In 2010, Indianapolis became the first U.S. city to re-negotiate an E.P.A. Consent Decree that provides cleaner water ten years sooner than under the original 2006 decree, while saving $740M. The new plan uses innovative sustainable engineering and netted the city $400M to address staggering infrastructure needs.
In 2006, Indianapolis signed a consent decree with the U.S. EPA under which the City agreed to resolve combined sewer overflow (CSO) concerns. The city committed more than $3.5B for the improvements required to bring the system up to speed.
By 2008, the program faced significant cost overruns, driving capital expenditures for the plan up 10% to $3.8B. Facing budget deficits and an enormous debt load, newly seated Mayor Greg Ballard directed the Department of Public Works (DPW) to identify opportunities for better, more sustainable results that could be implemented more quickly and at a cost savings.
DPW evaluated design concepts and assumptions and identified errors and applied additional data to improve systems. For example, Indianapolis now uses an aerobic secondary treatment process instead of anaerobic, saving tens of millions of dollars while better treating industry waste.
The City of Indianapolis then re-negotiated with EPA and implemented value engineering solutions, thereby reducing capital expenditures from $3.8B to $3.06B; a savings of $740M. As the City continues to apply sustainable engineering technologies, that savings continues to grow – it’s now over $1B – all while delivering cleaner water than required by EPA to residents, a full ten years sooner than originally decreed.
The most significant element of the reengineering, the Deep Rock Tunnel Connector, will keep billions of gallons of raw sewage out of the city’s waterways. Its full implementation creates incredible economic development opportunities along Indianapolis’ once filthy and thus underutilized waterways.
As part of this process, Indianapolis transferred its waterworks to a public utility company in 2011. That decision removed close to $1B in debt from the city’s balance sheet. It also provided over $400M to address Indianapolis’ crumbling roads, bridges, sidewalks and other infrastructure. Many new roads incorporate sustainable storm water technology, and save the city countless dollars in annual pothole repair costs. And some of the city’s most neglected neighborhoods now have sidewalks and curbs, after decades of requests and pleas for them. This program, RebuildIndy, has become a tool for widespread economic development and rejuvenation throughout the city.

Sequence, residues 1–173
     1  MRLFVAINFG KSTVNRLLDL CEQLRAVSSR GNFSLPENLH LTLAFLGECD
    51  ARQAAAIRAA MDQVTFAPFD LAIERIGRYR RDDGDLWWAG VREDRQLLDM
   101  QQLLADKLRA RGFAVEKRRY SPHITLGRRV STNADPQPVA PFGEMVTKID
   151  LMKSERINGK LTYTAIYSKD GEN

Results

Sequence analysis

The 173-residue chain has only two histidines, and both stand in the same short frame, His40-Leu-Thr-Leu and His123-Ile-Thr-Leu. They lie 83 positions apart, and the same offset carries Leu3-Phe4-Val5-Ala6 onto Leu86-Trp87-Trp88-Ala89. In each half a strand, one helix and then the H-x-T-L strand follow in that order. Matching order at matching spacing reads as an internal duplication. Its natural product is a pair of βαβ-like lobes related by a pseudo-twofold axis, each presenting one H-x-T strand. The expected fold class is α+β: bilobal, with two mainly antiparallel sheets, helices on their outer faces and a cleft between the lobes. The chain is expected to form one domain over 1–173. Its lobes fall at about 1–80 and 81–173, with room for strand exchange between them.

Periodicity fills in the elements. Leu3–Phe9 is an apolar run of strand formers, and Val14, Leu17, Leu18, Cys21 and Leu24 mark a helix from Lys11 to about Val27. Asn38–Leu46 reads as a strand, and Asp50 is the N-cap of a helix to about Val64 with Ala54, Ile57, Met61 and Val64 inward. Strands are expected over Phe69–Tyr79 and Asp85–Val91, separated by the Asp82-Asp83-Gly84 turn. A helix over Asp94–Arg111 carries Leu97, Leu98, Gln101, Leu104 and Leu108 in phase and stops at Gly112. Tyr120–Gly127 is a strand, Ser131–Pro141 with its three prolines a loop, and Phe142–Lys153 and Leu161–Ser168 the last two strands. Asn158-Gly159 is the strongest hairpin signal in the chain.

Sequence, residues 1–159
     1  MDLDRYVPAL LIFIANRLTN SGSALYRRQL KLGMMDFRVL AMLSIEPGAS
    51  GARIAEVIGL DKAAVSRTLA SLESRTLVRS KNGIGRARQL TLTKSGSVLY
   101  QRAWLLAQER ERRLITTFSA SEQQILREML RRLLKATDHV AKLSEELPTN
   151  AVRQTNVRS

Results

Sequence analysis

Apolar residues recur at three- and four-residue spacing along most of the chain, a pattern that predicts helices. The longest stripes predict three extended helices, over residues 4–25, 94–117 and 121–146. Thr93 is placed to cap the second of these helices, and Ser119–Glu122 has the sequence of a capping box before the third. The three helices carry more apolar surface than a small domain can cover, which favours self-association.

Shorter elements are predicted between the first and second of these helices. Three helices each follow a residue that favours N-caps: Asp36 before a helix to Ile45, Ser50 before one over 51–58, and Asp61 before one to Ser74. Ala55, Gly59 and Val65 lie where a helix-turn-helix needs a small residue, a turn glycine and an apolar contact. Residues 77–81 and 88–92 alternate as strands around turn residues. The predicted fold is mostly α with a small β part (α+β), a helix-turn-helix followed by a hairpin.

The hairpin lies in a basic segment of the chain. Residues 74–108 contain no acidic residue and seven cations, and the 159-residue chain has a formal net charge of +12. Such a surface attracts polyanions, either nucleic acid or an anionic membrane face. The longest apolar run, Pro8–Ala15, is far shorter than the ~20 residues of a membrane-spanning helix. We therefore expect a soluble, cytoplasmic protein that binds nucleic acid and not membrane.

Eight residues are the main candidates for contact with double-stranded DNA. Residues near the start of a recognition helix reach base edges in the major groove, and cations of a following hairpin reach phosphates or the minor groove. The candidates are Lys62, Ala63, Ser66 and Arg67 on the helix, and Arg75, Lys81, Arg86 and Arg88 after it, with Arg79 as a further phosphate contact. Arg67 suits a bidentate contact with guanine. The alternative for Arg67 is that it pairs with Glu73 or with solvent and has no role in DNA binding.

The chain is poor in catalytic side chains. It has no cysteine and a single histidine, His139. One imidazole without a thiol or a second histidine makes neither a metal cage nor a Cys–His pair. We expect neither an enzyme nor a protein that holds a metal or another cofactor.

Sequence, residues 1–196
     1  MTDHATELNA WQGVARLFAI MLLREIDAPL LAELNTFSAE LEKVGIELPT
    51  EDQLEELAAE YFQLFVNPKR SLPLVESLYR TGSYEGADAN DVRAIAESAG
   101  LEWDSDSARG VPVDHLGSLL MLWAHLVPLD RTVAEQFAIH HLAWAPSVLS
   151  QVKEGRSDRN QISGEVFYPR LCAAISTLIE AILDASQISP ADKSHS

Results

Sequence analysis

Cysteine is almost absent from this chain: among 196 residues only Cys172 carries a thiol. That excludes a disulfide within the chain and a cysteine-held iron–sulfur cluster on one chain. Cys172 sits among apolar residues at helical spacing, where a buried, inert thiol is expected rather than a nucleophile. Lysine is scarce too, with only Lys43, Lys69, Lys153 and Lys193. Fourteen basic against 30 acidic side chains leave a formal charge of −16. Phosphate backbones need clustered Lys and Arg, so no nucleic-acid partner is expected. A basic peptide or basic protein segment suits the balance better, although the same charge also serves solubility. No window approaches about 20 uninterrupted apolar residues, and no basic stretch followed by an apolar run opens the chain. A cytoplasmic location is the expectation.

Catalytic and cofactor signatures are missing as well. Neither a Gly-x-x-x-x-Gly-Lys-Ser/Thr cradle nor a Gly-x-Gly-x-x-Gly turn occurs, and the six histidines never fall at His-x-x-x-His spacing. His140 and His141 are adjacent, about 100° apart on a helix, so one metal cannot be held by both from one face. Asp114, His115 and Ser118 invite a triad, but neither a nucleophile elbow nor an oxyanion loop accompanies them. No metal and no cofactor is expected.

This has been a tremendous victory for Indianapolis. Mayor Ballard recently testified before Congress on DPW’s CSO reengineering and EPA renegotiation. With unprecedented public praise, EPA called the renegotiation a 'win-win' for everyone. Municipalities across the country are now asking for our help as they begin to reassess their own costly CSO programs.
As a result of our successes, the City of Indianapolis was recently recognized by Harvard University's Ash Center for Democratic Governance and Innovation as part of its annual Innovations in American Government Awards program.
U.S. EPA Combined Sewer Overflow Consent Decree Renegotiation
Utilities Transfer to Citizens Water
Mayor Ballard's February 28, 2012 testimony on Capitol Hill
Department of Public Works' Progress Report to the Public
Reconnecting to Our Waterways